I'm creating a secure web app with the purpose to act as a no-knowledge storage for small data (we're talking a few bytes). Since all the encryption and decryption happens client-side, for the user to be able to manage their secrets, the data has to be decrypted to be searchable and so on.

The server knows an encrypted name and an encrypted value.

All of the data is once encrypted by the client, then encrypted once using a shared secret from SRP and then sent through SSL.

Solutions / concerns:

There's two ways this can be done from what I know.

A: Send both the name and value to the client and let them store it during the session. The names are decrypted and shown, whilst the values remain encrypted. Due to the unsecure nature of javascript and for UX-reasons, this would be just as secure as decrypting all the data and store it. Since the user receives all the values, there's a bigger risk of an offline attack to happen. This also makes it difficult to control that the values never exist longer then the session (for example how iOS Safari stores the webpages in an active state even when the app is off).

B: Send only the encrypted name and a token. The names are stored and shown to the user in a decrypted form. Whenever the user would like to see the decrypted value, a request is made to the server which sends it. The value is never stored on the client. This limits the risk with offline attacks - since the user will never have all the values stored at once. The worst scenario would be one value stored. The problem I see with this is that there will be a considerate increasing amount of data sent through the internet - which might be a greater risk than storing it offline.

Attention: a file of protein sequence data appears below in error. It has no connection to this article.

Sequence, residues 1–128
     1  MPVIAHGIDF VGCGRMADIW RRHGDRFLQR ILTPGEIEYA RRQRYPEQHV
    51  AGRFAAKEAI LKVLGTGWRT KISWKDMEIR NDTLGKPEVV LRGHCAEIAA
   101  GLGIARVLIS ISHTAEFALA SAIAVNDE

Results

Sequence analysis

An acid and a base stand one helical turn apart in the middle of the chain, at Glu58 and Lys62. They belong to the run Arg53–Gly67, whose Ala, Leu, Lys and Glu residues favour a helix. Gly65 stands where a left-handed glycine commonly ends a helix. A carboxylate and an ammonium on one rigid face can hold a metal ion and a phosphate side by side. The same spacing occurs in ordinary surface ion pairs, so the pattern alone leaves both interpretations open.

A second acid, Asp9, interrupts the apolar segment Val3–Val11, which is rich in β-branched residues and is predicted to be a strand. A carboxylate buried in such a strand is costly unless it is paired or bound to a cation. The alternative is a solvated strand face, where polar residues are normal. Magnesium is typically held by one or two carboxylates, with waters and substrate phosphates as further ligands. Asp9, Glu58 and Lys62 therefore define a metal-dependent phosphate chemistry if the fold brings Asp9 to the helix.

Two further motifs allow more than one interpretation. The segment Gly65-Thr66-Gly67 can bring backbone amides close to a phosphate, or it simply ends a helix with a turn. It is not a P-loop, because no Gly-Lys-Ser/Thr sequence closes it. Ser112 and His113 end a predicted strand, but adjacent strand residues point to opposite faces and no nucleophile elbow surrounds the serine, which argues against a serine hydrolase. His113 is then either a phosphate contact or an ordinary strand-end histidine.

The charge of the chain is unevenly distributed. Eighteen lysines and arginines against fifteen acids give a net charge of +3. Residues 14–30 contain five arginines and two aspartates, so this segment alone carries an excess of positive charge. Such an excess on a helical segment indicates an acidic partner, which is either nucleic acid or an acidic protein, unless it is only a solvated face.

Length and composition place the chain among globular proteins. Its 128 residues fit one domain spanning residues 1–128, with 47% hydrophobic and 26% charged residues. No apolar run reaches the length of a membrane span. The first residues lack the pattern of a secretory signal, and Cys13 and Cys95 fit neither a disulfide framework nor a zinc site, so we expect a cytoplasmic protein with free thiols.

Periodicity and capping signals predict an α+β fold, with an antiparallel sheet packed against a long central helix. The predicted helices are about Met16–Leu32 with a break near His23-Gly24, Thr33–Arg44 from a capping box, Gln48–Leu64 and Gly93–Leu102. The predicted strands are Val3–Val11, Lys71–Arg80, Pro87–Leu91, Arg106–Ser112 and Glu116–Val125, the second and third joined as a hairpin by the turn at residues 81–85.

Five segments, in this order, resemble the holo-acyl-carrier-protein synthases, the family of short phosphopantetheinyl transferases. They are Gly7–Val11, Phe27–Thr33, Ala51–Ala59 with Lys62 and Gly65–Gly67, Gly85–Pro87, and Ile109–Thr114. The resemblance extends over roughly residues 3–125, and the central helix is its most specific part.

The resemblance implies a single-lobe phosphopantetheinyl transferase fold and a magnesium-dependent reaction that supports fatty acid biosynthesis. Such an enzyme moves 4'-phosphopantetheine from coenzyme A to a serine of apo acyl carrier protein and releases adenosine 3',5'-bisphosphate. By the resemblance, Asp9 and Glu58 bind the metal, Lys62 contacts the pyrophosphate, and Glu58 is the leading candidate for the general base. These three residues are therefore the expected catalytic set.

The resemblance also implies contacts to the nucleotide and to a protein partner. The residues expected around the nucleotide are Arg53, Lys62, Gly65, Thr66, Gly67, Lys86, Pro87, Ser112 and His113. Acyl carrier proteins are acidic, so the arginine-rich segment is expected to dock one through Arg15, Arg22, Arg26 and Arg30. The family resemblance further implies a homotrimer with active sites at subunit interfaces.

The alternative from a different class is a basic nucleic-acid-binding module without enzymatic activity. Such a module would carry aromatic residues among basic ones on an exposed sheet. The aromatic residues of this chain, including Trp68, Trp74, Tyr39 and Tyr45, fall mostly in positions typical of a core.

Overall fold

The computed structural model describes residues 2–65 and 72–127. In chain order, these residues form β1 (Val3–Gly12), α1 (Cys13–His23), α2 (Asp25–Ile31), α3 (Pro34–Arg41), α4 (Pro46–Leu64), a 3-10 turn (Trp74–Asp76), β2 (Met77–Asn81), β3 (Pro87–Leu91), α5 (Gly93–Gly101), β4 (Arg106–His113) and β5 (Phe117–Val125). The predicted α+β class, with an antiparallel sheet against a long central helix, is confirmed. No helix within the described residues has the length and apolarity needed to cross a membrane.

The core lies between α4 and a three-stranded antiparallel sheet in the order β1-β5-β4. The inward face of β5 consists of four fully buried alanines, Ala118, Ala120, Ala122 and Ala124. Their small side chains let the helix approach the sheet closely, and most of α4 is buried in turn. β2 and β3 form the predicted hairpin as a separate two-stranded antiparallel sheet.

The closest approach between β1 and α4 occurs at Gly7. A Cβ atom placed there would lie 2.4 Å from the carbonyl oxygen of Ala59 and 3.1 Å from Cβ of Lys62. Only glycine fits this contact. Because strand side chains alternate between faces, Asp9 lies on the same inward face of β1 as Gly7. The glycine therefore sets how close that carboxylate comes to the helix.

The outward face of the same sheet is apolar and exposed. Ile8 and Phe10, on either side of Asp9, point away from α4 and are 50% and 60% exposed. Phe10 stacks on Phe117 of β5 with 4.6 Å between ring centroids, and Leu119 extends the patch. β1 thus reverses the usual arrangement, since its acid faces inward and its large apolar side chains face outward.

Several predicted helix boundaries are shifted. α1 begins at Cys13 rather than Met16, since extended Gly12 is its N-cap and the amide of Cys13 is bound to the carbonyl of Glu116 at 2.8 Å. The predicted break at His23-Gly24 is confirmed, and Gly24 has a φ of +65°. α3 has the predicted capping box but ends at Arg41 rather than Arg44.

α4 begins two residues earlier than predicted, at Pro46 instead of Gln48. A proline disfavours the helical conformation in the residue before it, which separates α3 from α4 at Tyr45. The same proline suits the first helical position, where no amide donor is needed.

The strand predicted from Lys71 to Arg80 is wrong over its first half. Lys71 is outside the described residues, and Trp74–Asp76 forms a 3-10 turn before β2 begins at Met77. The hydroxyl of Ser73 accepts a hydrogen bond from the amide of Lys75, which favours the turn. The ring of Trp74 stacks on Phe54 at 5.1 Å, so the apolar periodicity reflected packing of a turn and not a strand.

Question clarification:

Is it safer to store the data on the user's device without being able to revoke their access to the data


Send valuable data many more times through the internet?

  • 1
    You haven't described the threat model. Who are you trying to protect the data from? Is the user allowed to see the unencrypted data? Are they allowed to see it, but you're trying to prevent them from copying it? What kind of attacks are you trying to protect the attacker from performing? May 22 '15 at 19:18
  • @SteveSether that's a good question. The users are the owners of the data - so naturally they are supposed to see the unencrypted data. However I, on the behalf of the user, want to keep the data within the application and control how the data is stored - so that the data never exists beyond a valid session. If they would copy it, then that is up to them and I chose not to take that as a risk. Attackers are never supposed to be able to retrieve a clients data without the clients knowledge as in the only "acceptable" attack is offline if the data persists on the device without the user knowing.
    – Alex
    May 22 '15 at 20:02
  • I'm not clear on how you avoid the client end ever storing values. Even if you use javascript queries to retrieve the data when necessary there's no guarantees the browser isn't going to store the page in some way. May 26 '15 at 14:06

As long as the data travels inside a properly configured SSL/TLS connections, there is no security issue regarding the increase amount of data sent through the internet, the only downside would be an increased load on your server.

If you cannot trust local storage, then fetching the data from the server when it is required seems the best option from a security point of view.

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